("Zonic

Decl.")

~~

24-28

(Ex.

28

at

404:

406:5);

Declaration

of

Al

Ortiz,

Jr.

in

Support

of

Apple's

Opposition

17-

-,
Motion for Protective Order ("Ortiz Decl.") ~~ 11-12 (Ex. 27 at 392:17-

23).)

By

carefully

safeguarding

information

regarding

its

future

! i
'I Apple can time product launches to maximize publicity and goodwill.

!

Disclosure

of

this

confidential

information

to

competitors

and

the

products,

-,

4

I
~~'",.

general

to

"'

:i
1

I

public greatly hanns Apple because it enables those competitors to direct
their marketing
(Zonic

and development

efforts

at frus~ating

Apple's

plans.

Decl. 'iI'iI 26-28 (Ex. 28 at 404:28-406:5);

OrtIZ Decl. 'iI 12 (Ex. 27 at

..,

392:17-23).) Apple
..,
information as

enforces stringent security measures to
trade secrets. (Zonic Decl. 'iI 29 (Ex. 28 at 406:6-15);

protect this
Ortiz

Decl.

'iI

13

(Ex.

27

at

392:24-393:5).)

Information

about

the

..,

l
-,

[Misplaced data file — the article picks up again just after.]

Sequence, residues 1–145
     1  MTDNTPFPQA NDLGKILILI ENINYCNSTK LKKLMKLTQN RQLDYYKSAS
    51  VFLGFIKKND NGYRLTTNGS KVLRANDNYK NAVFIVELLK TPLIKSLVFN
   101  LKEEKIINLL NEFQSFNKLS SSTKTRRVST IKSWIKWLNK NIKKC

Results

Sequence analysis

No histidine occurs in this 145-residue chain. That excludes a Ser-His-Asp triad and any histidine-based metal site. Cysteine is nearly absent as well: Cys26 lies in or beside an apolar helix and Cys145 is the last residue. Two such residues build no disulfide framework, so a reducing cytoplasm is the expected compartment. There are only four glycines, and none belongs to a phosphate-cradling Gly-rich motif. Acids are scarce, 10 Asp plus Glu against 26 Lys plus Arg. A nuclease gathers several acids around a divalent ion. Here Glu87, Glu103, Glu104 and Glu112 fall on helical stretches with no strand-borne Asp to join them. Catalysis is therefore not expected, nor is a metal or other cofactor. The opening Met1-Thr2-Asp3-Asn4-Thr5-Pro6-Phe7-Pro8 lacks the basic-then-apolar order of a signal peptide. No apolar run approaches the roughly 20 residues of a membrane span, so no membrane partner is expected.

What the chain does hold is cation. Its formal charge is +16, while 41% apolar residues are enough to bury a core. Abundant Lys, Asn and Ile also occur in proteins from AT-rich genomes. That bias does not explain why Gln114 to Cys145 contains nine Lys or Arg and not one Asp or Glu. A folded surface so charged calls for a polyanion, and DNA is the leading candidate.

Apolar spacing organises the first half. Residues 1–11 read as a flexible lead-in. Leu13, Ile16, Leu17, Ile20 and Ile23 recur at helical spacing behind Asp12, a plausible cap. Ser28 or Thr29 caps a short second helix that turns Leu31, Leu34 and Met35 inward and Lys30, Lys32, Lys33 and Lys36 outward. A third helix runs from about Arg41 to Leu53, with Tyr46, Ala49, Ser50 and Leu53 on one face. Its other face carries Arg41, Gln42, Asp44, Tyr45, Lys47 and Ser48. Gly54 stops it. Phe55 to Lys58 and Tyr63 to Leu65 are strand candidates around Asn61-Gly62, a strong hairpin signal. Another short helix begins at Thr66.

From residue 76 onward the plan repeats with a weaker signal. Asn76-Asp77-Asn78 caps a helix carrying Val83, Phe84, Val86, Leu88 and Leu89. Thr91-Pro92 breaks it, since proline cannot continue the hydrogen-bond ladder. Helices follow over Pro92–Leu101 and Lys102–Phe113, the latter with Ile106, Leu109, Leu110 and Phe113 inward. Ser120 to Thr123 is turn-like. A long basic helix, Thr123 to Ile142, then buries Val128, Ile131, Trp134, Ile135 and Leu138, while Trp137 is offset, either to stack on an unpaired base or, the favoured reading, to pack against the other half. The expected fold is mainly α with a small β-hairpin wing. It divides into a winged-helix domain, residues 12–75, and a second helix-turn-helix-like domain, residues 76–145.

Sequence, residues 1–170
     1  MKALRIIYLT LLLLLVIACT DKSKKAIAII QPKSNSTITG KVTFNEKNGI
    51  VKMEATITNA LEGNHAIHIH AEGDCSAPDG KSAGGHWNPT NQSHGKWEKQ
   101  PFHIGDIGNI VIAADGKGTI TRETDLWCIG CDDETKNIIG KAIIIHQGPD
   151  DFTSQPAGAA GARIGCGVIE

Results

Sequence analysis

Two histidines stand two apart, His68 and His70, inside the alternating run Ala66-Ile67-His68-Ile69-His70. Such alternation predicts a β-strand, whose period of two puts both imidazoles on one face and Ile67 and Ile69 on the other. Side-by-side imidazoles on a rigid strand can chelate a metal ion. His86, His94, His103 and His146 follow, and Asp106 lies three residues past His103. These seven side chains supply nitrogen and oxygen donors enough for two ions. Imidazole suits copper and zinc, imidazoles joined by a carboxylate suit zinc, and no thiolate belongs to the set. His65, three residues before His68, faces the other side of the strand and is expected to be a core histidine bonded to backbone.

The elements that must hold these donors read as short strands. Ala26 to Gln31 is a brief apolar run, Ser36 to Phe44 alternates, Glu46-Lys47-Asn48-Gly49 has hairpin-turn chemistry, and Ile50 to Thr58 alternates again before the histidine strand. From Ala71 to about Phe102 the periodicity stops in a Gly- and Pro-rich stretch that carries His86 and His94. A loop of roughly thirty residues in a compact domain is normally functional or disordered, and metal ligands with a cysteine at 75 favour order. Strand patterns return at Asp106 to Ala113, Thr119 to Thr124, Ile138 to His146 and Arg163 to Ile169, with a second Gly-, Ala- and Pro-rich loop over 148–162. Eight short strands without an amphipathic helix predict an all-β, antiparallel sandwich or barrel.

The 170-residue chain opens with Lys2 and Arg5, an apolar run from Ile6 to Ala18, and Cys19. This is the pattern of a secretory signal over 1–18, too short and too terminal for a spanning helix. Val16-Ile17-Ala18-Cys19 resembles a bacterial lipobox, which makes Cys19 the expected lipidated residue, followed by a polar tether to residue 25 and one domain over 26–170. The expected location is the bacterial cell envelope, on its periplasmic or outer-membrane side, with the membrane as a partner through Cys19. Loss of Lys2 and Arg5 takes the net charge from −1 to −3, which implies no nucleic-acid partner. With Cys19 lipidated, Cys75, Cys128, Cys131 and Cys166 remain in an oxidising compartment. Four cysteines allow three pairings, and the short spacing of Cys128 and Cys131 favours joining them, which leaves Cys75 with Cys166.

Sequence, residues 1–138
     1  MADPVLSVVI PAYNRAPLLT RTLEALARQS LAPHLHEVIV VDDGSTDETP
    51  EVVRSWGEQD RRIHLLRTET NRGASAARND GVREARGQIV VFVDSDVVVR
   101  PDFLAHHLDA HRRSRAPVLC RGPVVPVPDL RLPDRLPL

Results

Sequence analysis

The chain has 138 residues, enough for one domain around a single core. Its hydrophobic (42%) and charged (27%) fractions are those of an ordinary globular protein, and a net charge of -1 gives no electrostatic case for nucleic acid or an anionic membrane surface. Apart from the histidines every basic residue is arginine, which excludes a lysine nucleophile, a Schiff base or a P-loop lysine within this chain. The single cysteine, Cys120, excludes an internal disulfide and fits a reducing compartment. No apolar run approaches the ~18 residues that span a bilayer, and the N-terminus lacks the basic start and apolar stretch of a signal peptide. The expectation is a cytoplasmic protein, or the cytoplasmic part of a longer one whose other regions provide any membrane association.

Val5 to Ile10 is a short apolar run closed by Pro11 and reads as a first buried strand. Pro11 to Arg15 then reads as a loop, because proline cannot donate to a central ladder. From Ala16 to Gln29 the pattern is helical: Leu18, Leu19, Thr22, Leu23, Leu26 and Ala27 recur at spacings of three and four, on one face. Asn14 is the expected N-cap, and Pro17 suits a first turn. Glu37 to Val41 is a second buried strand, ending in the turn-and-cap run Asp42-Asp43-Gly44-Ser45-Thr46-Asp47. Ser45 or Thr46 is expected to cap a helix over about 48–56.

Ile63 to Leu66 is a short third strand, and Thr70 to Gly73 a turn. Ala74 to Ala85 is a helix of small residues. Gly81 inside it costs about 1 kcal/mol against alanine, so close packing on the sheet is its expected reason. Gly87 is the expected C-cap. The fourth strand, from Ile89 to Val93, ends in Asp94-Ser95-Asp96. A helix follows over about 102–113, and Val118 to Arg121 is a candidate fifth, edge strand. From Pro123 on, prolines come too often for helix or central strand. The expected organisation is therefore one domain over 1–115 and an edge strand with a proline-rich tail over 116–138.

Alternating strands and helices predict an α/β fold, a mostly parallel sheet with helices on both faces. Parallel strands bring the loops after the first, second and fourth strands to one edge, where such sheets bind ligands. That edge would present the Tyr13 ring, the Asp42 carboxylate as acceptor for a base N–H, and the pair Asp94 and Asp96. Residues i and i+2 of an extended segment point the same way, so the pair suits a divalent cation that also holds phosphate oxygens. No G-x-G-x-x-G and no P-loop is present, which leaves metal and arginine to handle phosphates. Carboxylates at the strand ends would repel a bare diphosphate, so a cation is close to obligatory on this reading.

Asteroid

product

was

maintained

on

a

strict

"need-to-know"

basis

unreleased

at

All

employees

who

had

access

to

this

information

were

subject

Apple.

I

i

confidentiality

agreements

that

prohibited

them

from

disclosing,

~!

publishing,

or

disseminating

the

information.

(Zonic

Decl.

'iI

29

(Ex.

28

to

i
-,

406:9-12);
The

Ortiz Decl. 'iI 13 (Ex. 27 at 392:27-393:2).)
Theft And Disclosure Of The Asteroid Trade Secrets.

Petitioner Jason O'Grady is the owner and operator of the website
-,

i
I i

www.nowemage.org

("PowerPage").

On

November

19,

2004,

posted trade secrets related to the Asteroid product on PowerPage. (Zonic

-,
l

Decl.

'iI'iI

5-8 (Ex. 28 at 397:2-398:28);

Ortiz Decl. 'iI'iI 2-3 (Ex. 27 at

,
\

390:9-22).)
The November 19 post contained an exact copy of a highly

i
I

confidential,
,
(Zonic Decl.